MoC: We appreciate this and we’re glad you can talk about this and we respect that. There are a lot of people hurting in Nigeria as well because they feel like they are losing their opportunities to develop because you guys are coming in to take their spots, and they don’t seem to be getting even nearly the same support as you guys are. We appreciate that you’re still willing to speak up on this issue, because you will need your voice to be heard in Nigeria, otherwise you may have an uphill battle in winning over the masses…

Akins: Absolutely! I know that and I don’t have a problem with that because I’m dedicated to Nigeria – that is why I have this shirt on. There are people who are missing out on opportunities but the thing about athletics is this – what this does is that the people who are missing out on opportunities have to go back and re-evaluate and say hey, there is something I’ve got to change. This guy here (Martins Ogierakhi), when I came in he could have said we have Ty here and all that, but he stepped up to the occasion. This guy ran a PB (Personal Best) two weeks back to back. He beat me in Warri, you see what I’m saying? He stepped up to the occasion and its paying off. We are together on the podium now. I just want you to know that I love Nigeria.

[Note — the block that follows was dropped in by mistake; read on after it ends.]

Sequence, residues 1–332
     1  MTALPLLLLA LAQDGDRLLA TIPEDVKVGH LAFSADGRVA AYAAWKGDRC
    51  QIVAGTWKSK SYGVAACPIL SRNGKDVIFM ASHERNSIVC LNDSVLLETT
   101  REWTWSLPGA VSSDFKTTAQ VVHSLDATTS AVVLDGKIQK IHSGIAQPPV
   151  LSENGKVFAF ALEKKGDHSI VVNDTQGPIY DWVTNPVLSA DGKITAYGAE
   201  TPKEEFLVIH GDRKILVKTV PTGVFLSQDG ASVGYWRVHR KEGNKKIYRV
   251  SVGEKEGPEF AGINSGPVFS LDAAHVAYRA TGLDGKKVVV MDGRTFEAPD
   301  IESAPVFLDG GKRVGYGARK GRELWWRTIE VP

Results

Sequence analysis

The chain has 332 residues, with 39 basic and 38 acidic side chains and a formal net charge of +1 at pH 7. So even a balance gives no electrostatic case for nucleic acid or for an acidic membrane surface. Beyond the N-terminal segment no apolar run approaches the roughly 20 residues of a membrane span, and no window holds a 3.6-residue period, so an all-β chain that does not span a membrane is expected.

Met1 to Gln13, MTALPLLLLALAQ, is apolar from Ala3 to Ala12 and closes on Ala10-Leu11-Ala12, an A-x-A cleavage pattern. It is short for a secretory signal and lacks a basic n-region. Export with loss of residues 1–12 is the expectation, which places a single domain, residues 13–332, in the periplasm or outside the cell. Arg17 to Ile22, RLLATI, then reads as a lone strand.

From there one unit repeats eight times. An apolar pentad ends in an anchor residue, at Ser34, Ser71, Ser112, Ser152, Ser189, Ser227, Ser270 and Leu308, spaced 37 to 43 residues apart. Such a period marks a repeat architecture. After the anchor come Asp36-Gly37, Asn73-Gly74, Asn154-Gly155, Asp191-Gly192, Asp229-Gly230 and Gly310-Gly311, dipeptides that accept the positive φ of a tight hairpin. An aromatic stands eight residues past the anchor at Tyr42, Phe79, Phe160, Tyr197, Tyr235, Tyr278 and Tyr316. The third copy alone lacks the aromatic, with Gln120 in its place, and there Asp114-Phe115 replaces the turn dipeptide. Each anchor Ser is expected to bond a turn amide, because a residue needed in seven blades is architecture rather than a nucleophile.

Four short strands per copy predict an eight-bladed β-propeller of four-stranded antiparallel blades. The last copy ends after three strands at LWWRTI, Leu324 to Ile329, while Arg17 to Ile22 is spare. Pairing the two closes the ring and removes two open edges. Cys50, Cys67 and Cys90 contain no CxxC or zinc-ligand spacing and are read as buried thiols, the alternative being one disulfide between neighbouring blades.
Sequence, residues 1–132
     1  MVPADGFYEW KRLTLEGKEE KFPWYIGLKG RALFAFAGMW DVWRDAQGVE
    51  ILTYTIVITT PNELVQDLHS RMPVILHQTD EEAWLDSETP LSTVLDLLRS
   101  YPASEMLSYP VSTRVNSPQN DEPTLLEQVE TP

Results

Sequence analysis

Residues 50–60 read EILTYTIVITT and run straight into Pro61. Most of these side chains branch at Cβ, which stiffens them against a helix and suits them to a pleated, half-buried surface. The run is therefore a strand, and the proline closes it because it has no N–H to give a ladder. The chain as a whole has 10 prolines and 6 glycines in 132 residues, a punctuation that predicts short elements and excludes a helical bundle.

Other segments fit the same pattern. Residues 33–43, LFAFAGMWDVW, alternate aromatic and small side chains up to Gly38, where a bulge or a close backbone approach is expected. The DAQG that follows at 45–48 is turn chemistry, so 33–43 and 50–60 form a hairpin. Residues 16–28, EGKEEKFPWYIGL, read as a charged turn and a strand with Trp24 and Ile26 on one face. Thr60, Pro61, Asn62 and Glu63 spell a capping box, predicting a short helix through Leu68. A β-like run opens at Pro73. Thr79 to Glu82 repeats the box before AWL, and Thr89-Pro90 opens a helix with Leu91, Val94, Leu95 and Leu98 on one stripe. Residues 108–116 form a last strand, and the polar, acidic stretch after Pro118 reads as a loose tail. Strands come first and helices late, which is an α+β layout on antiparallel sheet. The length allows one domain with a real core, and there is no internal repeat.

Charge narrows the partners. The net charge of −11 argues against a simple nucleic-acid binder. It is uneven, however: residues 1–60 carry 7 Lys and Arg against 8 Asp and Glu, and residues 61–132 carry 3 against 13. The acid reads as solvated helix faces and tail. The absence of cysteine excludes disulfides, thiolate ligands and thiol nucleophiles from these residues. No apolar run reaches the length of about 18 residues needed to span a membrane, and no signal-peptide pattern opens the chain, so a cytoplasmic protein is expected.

Al-Ameen: I know that there is a lot of controversy and in my situation, people say they don’t know my background and stuff. The reason why I switched was not because I couldn’t make the team in England; it’s because I’m Nigerian, my father is Nigerian, and I would want to represent Nigeria. This year I ran a PB coming into these championships. It wasn’t so last year so I’m grateful to be running with these guys. We are the best in Nigeria at the moment; it’s a good day for Nigeria.